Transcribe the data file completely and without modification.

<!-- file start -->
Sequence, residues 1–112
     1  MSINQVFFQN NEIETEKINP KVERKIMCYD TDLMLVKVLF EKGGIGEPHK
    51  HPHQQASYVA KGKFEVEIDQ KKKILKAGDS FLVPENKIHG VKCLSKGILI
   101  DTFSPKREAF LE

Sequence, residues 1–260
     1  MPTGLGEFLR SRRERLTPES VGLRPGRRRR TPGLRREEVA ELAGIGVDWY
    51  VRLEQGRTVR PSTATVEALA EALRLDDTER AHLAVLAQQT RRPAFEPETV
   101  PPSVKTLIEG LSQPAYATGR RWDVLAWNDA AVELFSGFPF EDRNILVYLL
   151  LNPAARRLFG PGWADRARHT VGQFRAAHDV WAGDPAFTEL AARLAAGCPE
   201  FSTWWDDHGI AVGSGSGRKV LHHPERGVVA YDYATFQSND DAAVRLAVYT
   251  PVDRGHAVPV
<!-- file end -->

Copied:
Sequence, residues 1–112
     1  MSINQVFFQN NEIETEKINP KVERKIMCYD TDLMLVKVLF EKGGIGEPHK
    51  HPHQQASYVA KGKFEVEIDQ KKKILKAGDS FLVPENKIHG VKCLSKGILI
   101  DTFSPKREAF LE

Sequence, residues 1–260
     1  MPTGLGEFLR SRRERLTPES VGLRPGRRRR TPGLRREEVA ELAGIGVDWY
    51  VRLEQGRTVR PSTATVEALA EALRLDDTER AHLAVLAQQT RRPAFEPETV
   101  PPSVKTLIEG LSQPAYATGR RWDVLAWNDA AVELFSGFPF EDRNILVYLL
   151  LNPAARRLFG PGWADRARHT VGQFRAAHDV WAGDPAFTEL AARLAAGCPE
   201  FSTWWDDHGI AVGSGSGRKV LHHPERGVVA YDYATFQSND DAAVRLAVYT
   251  PVDRGHAVPV